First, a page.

In February, two small groups of students from Carterton Community College visited the Rutherford Appleton Laboratory (RAL) to complete challenges that helped them build teamwork and leadership skills, and highlighted opportunities for potential future careers in science, technology, engineering and maths (STEM). The students are supported by the Jon Egging Trust (JET), which works with young people who are under-confident or facing life challenges and are beginning to disengage at school.
RAL Space have partnered with JET to provide workshops for their Blue Skies programme, to help raise students’ confidence, resilience and aspirations. Each cohort follows the three-year syllabus to develop teamwork, leadership and employability skills for pupils in Year 8, 9 and 10, respectively.
Following the success of RAL Space’s online engagement programme
, these workshops presented an opportunity to trial our first on-site events for school students in two years. For these young people, the barriers to access STEM careers, including the means to participate in online events, can be significant. The benefits of in-person interactions are therefore substantial for their education and personal development.
Left: Students try on clean room suits. Right: Students create a model of the solar system. Credit: STFC RAL Space/Jon Egging Trust
Teamwork, leadership and employability
During the first workshop, the Blue Skies 1 group designed the tallest and cheapest possible structures to undergo vibration testing on a mini shaker, replicating the environmental testing at RAL Space. They then designed a new space mission and had to communicate well to assemble their spacecraft whilst wearing clean room suits, before pitching their mission for funding.
The following week, Blue Skies 2 students completed a Mission to Mars based on the Science and Engineering Careers Challenge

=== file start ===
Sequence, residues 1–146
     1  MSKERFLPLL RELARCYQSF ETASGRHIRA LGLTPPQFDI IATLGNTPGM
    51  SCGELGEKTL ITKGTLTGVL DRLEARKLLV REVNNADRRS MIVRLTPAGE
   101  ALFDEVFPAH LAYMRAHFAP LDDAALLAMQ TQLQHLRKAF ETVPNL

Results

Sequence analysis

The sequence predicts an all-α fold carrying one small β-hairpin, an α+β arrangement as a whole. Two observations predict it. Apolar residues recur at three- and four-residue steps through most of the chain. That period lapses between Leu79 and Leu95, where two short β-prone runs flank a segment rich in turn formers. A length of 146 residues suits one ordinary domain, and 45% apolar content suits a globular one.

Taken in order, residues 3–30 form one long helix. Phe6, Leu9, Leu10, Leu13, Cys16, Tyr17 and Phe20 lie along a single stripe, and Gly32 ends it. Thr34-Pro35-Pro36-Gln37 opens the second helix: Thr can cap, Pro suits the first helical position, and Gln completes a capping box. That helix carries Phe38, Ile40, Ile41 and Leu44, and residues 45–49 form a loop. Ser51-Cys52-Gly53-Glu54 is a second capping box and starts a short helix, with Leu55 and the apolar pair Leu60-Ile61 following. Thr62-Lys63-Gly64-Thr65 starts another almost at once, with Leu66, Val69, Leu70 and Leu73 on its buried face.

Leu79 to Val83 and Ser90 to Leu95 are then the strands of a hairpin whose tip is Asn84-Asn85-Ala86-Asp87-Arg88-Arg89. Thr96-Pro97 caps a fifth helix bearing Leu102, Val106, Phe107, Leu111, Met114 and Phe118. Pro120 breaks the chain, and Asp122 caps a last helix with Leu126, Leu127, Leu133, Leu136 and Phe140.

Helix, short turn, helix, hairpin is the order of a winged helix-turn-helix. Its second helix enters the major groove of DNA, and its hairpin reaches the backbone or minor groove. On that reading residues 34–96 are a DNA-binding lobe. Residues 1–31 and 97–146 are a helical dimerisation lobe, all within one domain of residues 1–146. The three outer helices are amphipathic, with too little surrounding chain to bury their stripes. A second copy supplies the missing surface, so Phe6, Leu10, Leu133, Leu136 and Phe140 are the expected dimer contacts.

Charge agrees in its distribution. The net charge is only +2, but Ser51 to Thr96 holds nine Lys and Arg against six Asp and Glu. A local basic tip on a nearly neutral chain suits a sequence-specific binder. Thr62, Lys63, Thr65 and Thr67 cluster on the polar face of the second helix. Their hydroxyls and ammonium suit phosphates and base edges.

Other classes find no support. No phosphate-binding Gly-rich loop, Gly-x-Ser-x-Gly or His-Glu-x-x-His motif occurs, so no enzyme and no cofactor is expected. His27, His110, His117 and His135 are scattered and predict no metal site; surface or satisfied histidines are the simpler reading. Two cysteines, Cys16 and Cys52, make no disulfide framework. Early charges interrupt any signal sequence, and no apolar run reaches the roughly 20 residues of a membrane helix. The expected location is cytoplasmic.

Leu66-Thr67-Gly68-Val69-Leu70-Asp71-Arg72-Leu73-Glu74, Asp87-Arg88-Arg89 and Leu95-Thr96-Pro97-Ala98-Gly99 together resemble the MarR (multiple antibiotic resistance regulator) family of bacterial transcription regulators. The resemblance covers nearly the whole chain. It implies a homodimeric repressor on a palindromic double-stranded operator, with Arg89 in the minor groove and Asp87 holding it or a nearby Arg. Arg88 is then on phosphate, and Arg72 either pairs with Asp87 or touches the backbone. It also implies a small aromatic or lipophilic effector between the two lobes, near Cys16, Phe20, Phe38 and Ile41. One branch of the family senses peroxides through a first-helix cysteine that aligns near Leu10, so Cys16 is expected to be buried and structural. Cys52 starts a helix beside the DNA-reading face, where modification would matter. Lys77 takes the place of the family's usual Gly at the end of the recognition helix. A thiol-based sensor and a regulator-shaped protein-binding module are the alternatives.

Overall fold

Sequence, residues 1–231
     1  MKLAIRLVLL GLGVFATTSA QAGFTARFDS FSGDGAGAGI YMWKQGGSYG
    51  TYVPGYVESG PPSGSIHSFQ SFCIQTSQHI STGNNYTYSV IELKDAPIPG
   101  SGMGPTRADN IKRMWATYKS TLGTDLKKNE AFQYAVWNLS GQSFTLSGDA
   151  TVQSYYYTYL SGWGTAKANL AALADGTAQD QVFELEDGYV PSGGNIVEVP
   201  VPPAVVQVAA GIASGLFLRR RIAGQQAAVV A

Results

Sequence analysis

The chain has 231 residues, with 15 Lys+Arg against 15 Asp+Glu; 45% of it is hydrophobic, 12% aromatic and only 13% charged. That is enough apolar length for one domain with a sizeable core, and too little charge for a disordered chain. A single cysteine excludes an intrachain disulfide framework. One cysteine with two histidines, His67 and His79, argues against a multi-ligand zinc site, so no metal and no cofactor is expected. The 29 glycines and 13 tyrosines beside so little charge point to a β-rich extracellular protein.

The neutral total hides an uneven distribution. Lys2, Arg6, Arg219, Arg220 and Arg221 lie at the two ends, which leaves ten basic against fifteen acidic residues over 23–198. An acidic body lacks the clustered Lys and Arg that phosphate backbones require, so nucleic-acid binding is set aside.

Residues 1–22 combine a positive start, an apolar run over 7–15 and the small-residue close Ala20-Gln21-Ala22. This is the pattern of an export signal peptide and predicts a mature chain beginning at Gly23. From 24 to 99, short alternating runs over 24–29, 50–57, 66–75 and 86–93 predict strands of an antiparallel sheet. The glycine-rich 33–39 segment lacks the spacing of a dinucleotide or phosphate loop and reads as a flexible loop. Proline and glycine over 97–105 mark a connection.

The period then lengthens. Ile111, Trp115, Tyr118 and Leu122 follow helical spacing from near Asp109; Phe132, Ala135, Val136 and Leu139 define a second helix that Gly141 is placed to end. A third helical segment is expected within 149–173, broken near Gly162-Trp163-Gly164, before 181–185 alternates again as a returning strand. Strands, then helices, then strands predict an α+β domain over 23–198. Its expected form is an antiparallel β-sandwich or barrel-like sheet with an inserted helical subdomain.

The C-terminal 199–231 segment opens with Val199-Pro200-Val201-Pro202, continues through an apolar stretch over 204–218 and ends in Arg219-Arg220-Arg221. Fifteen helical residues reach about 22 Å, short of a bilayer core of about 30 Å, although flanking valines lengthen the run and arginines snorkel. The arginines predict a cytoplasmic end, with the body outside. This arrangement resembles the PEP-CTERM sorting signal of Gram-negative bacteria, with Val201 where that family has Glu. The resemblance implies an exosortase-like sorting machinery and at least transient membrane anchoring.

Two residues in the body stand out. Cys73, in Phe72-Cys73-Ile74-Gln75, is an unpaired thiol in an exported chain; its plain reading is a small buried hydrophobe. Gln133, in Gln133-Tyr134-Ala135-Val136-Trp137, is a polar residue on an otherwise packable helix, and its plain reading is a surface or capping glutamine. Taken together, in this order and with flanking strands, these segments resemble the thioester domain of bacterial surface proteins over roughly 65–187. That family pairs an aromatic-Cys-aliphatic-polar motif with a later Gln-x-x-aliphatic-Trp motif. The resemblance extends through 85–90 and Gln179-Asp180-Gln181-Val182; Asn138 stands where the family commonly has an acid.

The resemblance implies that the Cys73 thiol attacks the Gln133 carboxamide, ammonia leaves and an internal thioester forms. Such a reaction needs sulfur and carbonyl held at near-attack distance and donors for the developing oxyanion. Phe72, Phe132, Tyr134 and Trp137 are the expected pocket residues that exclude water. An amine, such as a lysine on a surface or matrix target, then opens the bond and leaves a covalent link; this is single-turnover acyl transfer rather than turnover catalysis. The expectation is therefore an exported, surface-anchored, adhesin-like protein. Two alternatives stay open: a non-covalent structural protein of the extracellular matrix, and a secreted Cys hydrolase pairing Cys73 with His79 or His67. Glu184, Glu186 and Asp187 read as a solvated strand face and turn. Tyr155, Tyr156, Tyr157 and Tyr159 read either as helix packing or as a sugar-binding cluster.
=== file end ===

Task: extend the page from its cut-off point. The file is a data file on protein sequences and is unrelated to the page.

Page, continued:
. Students took turns to be the leader and tell the RAL Space STEM Ambassadors what to do! They painted the solar system as astrophysicists, built a Mars lander as mechanical engineers, completed jigsaws of images from the Sentinel satellites
as data scientists, and programmed each other to navigate a maze and collect extra-terrestrial samples as software engineers.
Developing new skills
86% of students felt more aware of different careers in the space sector after taking part, and the average ratings for each workshop were 4.8 and 4.9 out of 5. One of the Year 9 girls wrote in her feedback form: “It was really fun but I wished I could stay for longer!”
Allie Hack, JET Area Director South, said: “Thank you and the whole RAL Space team who made the session such a success. From the interesting and inspiring visitor centre, to the well planned and supported activities led by your fabulous ambassadors and of course the amazing subject matter, the students could not fail to be inspired. Watching the students warm up and engage, enjoy themselves and crucially have the opportunity to develop leadership skills was a joy."
The RAL Space team look forward to inviting the students back in future for the next stages of the Blue Skies programme.
Running safe in-person events
To ensure everyone’s safety and wellbeing, the activities were rigorously planned jointly by RAL Space and JET’s Oxfordshire Youth Liaison Officer to incorporate key Covid-19 safety measures. The planning process and evaluation have been shared internally as an important step in assessing the feasibility of on-site public and school events. A careful, phased approach to host on-site events will continue through to autumn this year; events will continue to be held online in the plan for a future balanced programme that brings together the best aspects of in-person and virtual events